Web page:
Blog

Life's most persistent and urgent question

A reflection from UA CEO Eshauna Smith on Martin Luther King, Jr. Day:

Dear Friends,

It is all too easy for the turmoil and fear in our country right now to overshadow the annual celebration of Dr. Martin Luther King, Jr. and all that he stood for – but it’s more important than ever to pause and remember the legacy of Dr. King: a legacy of love, compassion, and service.

As a mother and as leader of a youth-serving organization, I have struggled to explain the deaths of George Floyd, Breonna Taylor, and too many more; to explain the disproportionate toll of this pandemic on communities of color; to explain the recent insurrection and the stark difference between the law enforcement response to the Capitol mob compared to this summer’s Black Lives Matter protestors.

But through it all, I have taken solace and inspiration from the Civil Rights movement and Dr. King. He reminded us that only light can drive out darkness. He showed us how to lead with love. His unwavering belief that the future would be brighter for Black and Brown boys and girls taught us all to dream.

Most of all, Dr. King reminded us that above all, life is about loving – and serving – our fellow man. “Life’s most persistent and urgent question,” he said, “is, ‘What are you doing for others?’”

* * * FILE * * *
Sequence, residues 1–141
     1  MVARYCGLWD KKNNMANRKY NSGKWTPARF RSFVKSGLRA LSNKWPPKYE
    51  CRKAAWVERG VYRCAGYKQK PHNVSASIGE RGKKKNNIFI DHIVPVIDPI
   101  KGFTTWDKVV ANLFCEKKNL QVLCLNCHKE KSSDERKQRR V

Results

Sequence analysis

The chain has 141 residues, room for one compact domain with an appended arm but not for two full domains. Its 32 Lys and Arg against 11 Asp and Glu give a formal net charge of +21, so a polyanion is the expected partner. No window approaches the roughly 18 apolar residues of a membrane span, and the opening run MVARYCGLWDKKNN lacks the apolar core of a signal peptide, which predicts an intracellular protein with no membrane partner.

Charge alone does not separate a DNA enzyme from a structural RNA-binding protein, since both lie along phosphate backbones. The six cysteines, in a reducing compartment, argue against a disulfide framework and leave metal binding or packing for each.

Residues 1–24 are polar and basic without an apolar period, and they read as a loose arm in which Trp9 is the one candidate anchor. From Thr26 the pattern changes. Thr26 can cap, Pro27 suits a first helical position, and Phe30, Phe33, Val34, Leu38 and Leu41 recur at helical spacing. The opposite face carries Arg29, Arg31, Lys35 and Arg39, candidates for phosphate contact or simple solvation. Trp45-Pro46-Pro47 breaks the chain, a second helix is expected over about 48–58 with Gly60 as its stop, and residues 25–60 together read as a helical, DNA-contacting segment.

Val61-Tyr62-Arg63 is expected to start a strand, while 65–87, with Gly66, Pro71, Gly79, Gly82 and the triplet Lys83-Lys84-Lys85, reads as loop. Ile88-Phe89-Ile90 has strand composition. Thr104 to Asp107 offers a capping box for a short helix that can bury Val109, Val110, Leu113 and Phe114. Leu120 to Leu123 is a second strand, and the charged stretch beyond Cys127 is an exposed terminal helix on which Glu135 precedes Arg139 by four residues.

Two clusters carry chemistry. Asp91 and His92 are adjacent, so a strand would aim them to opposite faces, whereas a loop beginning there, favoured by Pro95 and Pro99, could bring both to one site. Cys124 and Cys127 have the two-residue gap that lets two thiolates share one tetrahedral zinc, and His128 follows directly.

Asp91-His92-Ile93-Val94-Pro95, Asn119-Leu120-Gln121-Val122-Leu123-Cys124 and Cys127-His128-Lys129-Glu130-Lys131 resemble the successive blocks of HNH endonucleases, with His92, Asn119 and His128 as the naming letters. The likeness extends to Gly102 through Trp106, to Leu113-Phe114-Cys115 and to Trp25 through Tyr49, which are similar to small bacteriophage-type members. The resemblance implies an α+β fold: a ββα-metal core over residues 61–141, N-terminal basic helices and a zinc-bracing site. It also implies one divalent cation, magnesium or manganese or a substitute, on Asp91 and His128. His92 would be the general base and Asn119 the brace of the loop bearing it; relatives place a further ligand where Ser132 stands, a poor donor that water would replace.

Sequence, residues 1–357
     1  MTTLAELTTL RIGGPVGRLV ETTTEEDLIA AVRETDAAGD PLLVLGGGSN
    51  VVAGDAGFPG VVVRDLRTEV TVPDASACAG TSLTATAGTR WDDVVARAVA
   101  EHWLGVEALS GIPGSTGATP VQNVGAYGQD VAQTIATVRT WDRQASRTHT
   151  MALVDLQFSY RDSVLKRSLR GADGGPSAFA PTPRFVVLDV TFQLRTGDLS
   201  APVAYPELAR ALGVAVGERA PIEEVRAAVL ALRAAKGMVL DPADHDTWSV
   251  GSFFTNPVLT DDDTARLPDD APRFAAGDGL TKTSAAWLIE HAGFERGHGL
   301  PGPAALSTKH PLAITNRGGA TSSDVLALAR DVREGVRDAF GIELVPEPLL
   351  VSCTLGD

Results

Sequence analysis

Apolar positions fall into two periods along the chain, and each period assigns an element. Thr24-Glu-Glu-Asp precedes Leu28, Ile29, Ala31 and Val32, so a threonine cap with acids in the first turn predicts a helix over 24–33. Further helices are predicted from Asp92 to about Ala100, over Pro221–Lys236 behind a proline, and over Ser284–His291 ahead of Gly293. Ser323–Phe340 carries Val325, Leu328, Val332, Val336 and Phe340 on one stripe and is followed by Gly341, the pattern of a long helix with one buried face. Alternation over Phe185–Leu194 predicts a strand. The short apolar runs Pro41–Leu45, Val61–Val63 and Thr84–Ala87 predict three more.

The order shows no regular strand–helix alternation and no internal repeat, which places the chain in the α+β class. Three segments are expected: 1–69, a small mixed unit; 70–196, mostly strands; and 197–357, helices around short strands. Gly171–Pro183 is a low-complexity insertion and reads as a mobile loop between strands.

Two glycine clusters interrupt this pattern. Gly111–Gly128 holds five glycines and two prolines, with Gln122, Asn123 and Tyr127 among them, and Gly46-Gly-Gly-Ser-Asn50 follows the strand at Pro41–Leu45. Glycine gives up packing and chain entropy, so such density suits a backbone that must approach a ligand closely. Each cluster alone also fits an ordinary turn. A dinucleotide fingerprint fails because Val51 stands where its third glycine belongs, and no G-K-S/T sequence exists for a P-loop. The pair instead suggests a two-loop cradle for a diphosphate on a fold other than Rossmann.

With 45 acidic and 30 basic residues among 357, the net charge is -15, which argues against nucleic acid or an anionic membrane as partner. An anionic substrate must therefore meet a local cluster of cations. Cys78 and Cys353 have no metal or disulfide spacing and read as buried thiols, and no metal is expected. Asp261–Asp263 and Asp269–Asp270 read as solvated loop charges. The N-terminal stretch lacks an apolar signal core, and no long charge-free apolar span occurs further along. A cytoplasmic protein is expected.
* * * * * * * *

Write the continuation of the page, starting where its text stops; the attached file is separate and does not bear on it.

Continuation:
After every setback of the past year, I have tried to live by these words, and channel my heartbreak and anger into service and love, to get up every day and rededicate myself to Urban Alliance’s mission to ensure that every young person – no matter where they come from or what they look like – has an equal chance to succeed, to hope, and to achieve economic self-sufficiency.

So this MLK Day, please take a moment to reflect on Dr. King’s legacy, and how you will serve. “No work is insignificant,” Dr King said. “If you can’t fly then run, if you can’t run then walk, if you can’t walk then crawl, but whatever you do you have to keep moving forward.”

At Urban Alliance, we will keep moving forward, speaking up, and fighting for a more just and equitable future for youth of color – one young person at a time. And we will keep will keep challenging ourselves and our community to keep doing more, and doing better. Service is a lifelong project. Thank you for joining us on this journey.

With gratitude,

Eshauna Smith